Posted on May 5, 2016
Stephanie Hanna, French married to a Lebanese, built a career in investment banking in London, Dubai and Lebanon before she decided to take a break after having her twins. The break did not last too long for this mother of three: “I wanted to start something by myself but I’m not the kind of person who has a million idea about what to do!” Stephanie’s A-HA moment came when the nursery required her to label all the belongings of her 3 kids. True to her habit of buying everything online, Stephanie’s label hunt took her all around the world, since she couldn’t find a local company who provides that service. She ended up buying her labels from the U.S., which took 3 weeks to be delivered. “This is when the idea came up. Why shouldn’t I do that? It was very easy and it shouldn’t take too much of my brain to organize it. So I decided: let’s do some labels here and deliver them to the entire MENA region!”
Stephanie finds it funny that coming from a background where your main job was to create business plans and financial models, she didn’t have any of those when she launched her startup. Product research and competition analysis meant ordering labels from all over the world, recording the time it takes them to be delivered and testing their durability in her dishwasher. This is when she decided that her competitive edge would be the quality of the tags she made. And just like that ESSMAK.com was designed and built. ESSMAK allows you to customize labels with your child’s name and favorite design in a few minutes, place an order and receive them within a few days. It removes the hassle of having to write your child’s name on a handful of blank labels that would gradually fade away and peel before the school year ends.
For her first year in business, Stephanie focused on the local market, targeting the visitors of Faraya and Faqra summer exhibitions, right before the school year started. “The best way to introduce the people to the website was by showing them the actual product. Although online shopping is not very common in Lebanon, building an initial physical contact helped driving traffic to the website later on,” explains Stephanie.
Obviously the local market is not the only market that Stephanie is interested in. She had already built her website in Arabic and had aimed to launch ESSMAK in the Middle Eastern market, having particular interest in the Emirates and Saudi Arabia. She drives business to her website by creating ad campaigns on social media and networking platforms popular in each targeted country.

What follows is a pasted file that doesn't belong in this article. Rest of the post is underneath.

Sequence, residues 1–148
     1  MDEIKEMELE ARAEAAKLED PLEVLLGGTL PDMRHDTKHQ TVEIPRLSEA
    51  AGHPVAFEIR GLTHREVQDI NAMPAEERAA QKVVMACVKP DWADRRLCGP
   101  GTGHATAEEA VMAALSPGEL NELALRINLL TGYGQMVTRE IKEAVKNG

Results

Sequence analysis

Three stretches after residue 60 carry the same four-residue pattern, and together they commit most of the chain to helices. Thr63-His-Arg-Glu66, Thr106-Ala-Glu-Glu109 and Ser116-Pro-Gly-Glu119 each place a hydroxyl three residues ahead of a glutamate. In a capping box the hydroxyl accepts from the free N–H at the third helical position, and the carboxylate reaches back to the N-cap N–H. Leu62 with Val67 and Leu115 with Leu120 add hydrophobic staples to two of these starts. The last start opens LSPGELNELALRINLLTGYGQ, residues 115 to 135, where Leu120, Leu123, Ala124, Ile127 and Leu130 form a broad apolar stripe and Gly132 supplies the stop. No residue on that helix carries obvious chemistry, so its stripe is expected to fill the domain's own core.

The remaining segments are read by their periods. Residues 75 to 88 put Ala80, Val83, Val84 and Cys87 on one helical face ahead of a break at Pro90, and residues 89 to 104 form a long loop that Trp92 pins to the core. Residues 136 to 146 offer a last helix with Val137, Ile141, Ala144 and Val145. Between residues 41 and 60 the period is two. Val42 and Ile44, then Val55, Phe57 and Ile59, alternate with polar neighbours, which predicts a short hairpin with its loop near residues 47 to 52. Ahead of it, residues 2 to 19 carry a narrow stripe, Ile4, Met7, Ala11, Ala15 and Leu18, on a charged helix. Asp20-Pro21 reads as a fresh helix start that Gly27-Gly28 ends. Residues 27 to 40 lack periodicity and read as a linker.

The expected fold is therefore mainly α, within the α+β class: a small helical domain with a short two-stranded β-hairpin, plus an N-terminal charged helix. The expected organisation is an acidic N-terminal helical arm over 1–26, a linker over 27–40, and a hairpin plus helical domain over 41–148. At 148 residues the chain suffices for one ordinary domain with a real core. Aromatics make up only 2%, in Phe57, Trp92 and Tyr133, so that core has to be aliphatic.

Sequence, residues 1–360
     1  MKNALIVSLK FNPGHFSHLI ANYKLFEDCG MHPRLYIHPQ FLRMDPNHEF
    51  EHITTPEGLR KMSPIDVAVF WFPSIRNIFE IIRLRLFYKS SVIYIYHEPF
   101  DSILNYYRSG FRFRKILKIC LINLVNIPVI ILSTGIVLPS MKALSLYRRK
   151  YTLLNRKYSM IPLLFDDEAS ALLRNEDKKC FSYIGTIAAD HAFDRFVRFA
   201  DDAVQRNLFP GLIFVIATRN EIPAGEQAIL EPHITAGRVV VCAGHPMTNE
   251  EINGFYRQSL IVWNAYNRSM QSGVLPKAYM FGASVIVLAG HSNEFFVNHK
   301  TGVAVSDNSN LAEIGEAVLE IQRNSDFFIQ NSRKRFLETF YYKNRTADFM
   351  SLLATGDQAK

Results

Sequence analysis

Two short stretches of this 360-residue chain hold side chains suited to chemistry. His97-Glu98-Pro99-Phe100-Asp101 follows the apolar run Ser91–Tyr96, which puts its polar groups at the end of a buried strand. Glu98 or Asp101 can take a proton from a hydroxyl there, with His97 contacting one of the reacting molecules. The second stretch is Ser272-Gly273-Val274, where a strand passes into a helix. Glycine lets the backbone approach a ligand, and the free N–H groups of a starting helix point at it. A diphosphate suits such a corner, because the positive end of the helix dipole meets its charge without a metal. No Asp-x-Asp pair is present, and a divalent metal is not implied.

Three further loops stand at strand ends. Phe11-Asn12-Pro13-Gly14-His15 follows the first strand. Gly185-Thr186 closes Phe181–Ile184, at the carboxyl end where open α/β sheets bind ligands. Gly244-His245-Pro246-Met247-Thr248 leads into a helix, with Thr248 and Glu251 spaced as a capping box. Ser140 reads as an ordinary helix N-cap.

Entering the competition of Femme Francophone Entrepreneure 2015 organized by Berytech and the Agence Francophone Universitaire was a jump-station for Stephanie and her startup. The rules of the competition required that she had a vision and a proper business plan in place: “It made me think really hard of where I want to be and where I want to take the company.” Contestants received trainings in all aspects of business management and one-on-one coaching sessions to perfect their business model. Only one would eventually receive the first prize: ESSMAK.com.
Winning the competition gave ESSMAK a new cash injection and plenty of exposure. An article written about her participation and victory in L’orient le Jour brought interested investors to Stephanie’s door. But Stephanie is not ready for investors yet: “The hardest part about bringing in investors is the feeling that you are selling a piece of your baby. You question whether it is the right time, if you should wait to have a better valuation, wait a little bit more to see how the sales are going for the first time during a full peek season and see how you can negotiate. The final decision is based on the growth strategy that you have set for your business.” All will come in right time.
On the personal level, winning the competition was a form of validation of Stephanie’s entrepreneurial endeavor to her circle of family, friends and acquaintances: “Some people didn’t know what I was really doing. They didn’t take me seriously at first. They thought I was one of those ladies who open a business for fun. I’m not bored! I’m launching a business to make money. Otherwise, I can perfectly keep myself occupied with lots of other things!”
This is where Stephanie feels the strain of Middle Eastern culture, which fosters the concept of ‘a mom who doesn’t NEED to work should stay home and take care of the kids’. She has a different point of view: “I think it is very rewarding to be a ‘mompreneur’, a title I wear with pride. I come from a very different background; my mom always worked and I was always top of the class. In fact, a lot of studies show that children achieve a lot better when they have a working mother.”
The biggest challenge Stephanie faces in being a ‘mompreneur’ is time management: “I start very early because schools start very early here. Fortunately it allows me to do a lot of business calls with local schools and nurseries. I asm not home when the kids get from school and nursery but I make sure I get home by 4. I need to make sure that my eldest does his homework. He’s not like me; he doesn’t study by himself. I have to keep an eye on him!”
Femme Francophone Entrepreneure 2016 is open for applications. Apply here.
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